Axillary lymph node dissection (ALND) for patients with breast cancer has the potential to cause side-effects, including pain, numbness or paresthesia, arm/shoulder mobility restriction, and lymphedema . Arm lymphedema has been documented in 7 to 77% of patients who undergo ALND [2, 3]. The incidence of lymphedema depends on whether ALND has been combined with subsequent radiotherapy, but also on the definition of ALND used.
Sentinel lymph node biopsy (SLNB) represents the standard of care for axillary node staging in patients with early-stage, clinically node-negative breast cancer (cT1 to 2N0). The goals of SLNB are to reduce the morbidity from breast-cancer surgery by avoiding unnecessary ALND and to improve staging of the regional LNs. However, in a selected group of patients, ALND is still indicated.
Axillary reverse mapping (ARM) is a recently developed technique that enables surgeons to discriminate the lymphatic drainage pattern of the breast from that of the upper limb. The concept of ARM is to map the drainage of the upper limb to determine the anatomical variation in these lymphatics and thus create a road map for their preservation. If lymphedema is caused by removing the lymphatics and nodes of the upper limb, the possibility of identifying these lymphatics would enable surgeons to preserve them . The ARM technique can be performed by using blue dye, fluorescent dye, or a radioisotope. In the past few years, several groups have reported their first experiences with this relatively new technique [5–13]. A review by Ngochi on this topic  clearly described the ARM techniques that are currently available. Studies on ARM using blue dye reported identification rates varying between 50 and 89% [5–10], and for isotope and fluorescent dyes, these rates are 91 to 100% [11, 13] and 88%  respectively. The latter two visualization techniques have the advantage of not leaving a ‘blue tattoo’ on the patient’s skin. However, there is limited information on the use of isotopes and fluorescent dyes, and they require the use of expensive equipment during surgery.
Between October 2009 and June 2011, we performed a pilot study using blue dye for visualizing LN drainage of the upper limb . Patients with invasive breast cancer and an indication for ALND were enrolled in the study, and these comprised 50 patients with a tumor-positive SLN and 43 patients who had axillary LN metastases proven by pre-operative cytology. During surgery, ARM nodes were identified and removed first, followed by ALND (at least level I to II). No significant differences were seen in the visualization rate of ARM nodes between the groups (86 and 94% respectively, P = 0.196). In the group of patients with a positive SLN, none of the ARM nodes contained metastases, whereas 11 (22%) of the ARM nodes in the group with axillary metastases proven by pre-operative cytology contained metastases (P = 0.001). Patients receiving neoadjuvant chemotherapy had a significantly lower risk of additional axillary LN metastases (24.6 versus 44.4%, P = 0.046). These results are largely in accordance with other studies. Boneti et al. , Thompson et al. , and Casbona et al.  found no tumor deposits in the ARM nodes even when the patients had positive axillary nodes in the initial series. However, Nos et al.  found metastases in 14% of the ARM nodes (3 of 21 patients), all of which were associated with extensive axillary LN metastasis. Noguchi et al.  found ARM node metastases in three of seven patients who underwent ALND, and all three patients had a clinically positive axilla (N1/N2). Based on our results and those from the literature, we conclude that the ARM procedure using blue dye is technically feasible and has a high visualization rate, and that its use might be considered in patients with a positive SLN. Nevertheless, more research is needed to determine the safety of ARM in patients with clinically positive LNs.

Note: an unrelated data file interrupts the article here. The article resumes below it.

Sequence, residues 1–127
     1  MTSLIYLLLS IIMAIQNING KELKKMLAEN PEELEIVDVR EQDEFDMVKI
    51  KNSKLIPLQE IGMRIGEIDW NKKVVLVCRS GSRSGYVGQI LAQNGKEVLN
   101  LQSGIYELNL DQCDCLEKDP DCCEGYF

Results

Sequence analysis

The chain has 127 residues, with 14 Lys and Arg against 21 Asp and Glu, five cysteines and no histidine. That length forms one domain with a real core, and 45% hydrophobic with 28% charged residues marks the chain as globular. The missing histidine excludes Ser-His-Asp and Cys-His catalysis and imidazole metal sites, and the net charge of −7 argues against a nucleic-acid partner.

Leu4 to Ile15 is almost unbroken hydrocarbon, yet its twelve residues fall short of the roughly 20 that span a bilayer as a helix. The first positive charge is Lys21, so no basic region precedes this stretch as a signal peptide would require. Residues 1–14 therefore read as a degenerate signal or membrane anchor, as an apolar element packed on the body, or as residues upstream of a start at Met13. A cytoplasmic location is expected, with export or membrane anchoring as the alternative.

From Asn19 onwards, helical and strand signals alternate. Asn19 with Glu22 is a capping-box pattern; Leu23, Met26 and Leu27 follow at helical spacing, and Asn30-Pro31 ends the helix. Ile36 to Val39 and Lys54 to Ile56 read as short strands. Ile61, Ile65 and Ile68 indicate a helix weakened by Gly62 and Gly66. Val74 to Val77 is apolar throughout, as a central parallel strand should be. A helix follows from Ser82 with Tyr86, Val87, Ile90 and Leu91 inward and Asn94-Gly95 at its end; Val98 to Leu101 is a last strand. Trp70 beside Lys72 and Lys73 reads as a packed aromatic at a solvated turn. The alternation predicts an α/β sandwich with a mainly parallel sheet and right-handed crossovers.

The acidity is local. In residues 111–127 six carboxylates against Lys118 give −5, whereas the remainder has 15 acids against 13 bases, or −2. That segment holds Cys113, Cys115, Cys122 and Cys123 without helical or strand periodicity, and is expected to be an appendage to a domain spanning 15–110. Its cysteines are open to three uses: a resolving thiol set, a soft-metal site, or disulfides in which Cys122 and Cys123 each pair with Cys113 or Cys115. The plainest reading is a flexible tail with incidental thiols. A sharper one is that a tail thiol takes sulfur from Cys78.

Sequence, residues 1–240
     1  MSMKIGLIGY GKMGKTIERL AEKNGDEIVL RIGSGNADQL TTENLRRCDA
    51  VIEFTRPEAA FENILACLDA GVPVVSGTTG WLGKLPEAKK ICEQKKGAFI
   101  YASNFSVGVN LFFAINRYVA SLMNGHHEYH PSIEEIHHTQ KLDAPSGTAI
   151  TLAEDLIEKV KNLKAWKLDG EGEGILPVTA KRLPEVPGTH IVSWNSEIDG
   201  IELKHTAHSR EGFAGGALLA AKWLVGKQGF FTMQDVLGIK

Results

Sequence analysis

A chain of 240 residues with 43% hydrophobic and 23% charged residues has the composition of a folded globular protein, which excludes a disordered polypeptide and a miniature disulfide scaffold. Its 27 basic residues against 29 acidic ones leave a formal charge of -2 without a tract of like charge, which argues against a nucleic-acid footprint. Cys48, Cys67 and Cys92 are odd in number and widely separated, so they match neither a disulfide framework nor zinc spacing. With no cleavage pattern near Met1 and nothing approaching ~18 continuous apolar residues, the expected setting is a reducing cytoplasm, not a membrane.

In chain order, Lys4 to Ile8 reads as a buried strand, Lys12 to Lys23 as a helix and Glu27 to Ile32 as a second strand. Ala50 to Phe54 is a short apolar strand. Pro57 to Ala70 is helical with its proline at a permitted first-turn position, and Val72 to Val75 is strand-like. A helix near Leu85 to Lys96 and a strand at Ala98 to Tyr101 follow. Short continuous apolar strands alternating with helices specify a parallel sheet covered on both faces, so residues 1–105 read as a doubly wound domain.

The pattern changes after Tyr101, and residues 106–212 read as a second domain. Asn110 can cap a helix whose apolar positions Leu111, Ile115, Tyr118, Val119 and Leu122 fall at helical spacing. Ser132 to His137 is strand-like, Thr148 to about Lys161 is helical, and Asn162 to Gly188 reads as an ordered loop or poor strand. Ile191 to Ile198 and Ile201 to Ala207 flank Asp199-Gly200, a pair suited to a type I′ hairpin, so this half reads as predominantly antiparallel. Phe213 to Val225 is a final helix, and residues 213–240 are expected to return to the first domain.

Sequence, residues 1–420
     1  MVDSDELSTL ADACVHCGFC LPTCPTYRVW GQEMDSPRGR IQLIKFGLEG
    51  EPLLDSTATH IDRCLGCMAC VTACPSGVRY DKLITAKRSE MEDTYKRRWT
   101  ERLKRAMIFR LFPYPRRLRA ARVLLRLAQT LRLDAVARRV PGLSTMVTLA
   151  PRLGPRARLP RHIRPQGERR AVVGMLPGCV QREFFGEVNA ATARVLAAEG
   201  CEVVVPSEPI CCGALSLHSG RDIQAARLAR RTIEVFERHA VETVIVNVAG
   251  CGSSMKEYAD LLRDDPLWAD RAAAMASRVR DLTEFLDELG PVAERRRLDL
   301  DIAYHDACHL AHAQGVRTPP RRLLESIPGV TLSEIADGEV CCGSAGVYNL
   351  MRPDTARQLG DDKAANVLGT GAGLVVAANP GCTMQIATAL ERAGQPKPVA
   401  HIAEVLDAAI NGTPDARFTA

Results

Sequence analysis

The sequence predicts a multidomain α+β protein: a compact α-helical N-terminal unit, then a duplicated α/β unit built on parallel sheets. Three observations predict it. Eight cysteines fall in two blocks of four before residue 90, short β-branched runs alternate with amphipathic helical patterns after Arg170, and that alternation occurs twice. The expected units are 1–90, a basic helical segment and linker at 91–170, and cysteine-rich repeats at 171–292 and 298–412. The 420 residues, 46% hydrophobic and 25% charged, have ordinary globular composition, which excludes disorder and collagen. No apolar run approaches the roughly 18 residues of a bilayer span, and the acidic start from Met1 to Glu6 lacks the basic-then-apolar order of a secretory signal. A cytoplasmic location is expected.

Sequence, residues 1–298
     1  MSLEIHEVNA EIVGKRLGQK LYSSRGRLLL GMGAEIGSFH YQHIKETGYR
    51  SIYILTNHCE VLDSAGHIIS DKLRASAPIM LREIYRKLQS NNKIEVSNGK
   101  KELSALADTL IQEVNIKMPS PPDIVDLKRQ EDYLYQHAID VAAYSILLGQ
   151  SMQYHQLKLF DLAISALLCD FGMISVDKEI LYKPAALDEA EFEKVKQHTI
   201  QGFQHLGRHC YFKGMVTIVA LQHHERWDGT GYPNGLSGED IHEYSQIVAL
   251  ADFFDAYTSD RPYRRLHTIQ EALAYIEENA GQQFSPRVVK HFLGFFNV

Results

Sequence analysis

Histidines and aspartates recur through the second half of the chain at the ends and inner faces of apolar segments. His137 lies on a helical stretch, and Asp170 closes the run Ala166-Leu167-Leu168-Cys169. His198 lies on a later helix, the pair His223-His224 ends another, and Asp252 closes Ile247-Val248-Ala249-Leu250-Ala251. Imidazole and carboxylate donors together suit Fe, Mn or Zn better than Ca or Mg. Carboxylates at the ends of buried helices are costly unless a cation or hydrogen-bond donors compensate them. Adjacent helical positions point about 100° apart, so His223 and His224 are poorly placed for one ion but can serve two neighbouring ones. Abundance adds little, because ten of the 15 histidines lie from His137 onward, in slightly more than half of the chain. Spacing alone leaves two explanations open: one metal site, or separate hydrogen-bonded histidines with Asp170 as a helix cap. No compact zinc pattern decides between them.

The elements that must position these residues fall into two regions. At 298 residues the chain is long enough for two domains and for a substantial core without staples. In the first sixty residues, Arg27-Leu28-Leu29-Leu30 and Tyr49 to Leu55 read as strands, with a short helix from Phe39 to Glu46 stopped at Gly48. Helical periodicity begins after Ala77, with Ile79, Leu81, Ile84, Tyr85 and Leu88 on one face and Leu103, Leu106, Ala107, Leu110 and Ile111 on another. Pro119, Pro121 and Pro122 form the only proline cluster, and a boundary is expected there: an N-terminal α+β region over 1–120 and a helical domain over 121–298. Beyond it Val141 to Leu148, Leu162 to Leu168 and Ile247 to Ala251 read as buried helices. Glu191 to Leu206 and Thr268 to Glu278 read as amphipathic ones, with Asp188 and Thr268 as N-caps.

Despite these promising results, there are some problems that need to be considered before ARM can be used in routine clinical practice. The currently available techniques are insufficient to identity the upper-limb LNs in some patients. The relevance of the ARM procedure is based on the assumption that the lymphatic pathways from the upper limb are not involved in metastasis of the primary breast cancer ; however, in a minority of patients, the SLN draining of the breast may be the same as the ARM node draining the upper limb. This may explain why the ARM nodes may be involved with metastatic foci in patients with clinically axillary LN metastases. These issues may represent an important drawback for the implementation of the ARM procedure.
Boneti et al. recently published a phase II trial of ARM with promising results . The study showed that preserving the ARM nodes in a clinically negative axilla is safe, and results in a low incidence of post-operative lymphedema in patients undergoing ALND and SLNB. However, further studies are needed before this technique can be adopted as a standard procedure during complementary ALND (cALND) in the surgical treatment of breast cancer.
In this paper, we present the design for a multicenter randomized controlled trial to determine the clinical relevance and safety of selectively sparing upper-limb axillary LNs and their corresponding lymphatics by means of ARM. To minimize the risk of under-treatment due to non-removal of possible ARM node metastases, we will only include patients based on a tumor-positive SLN.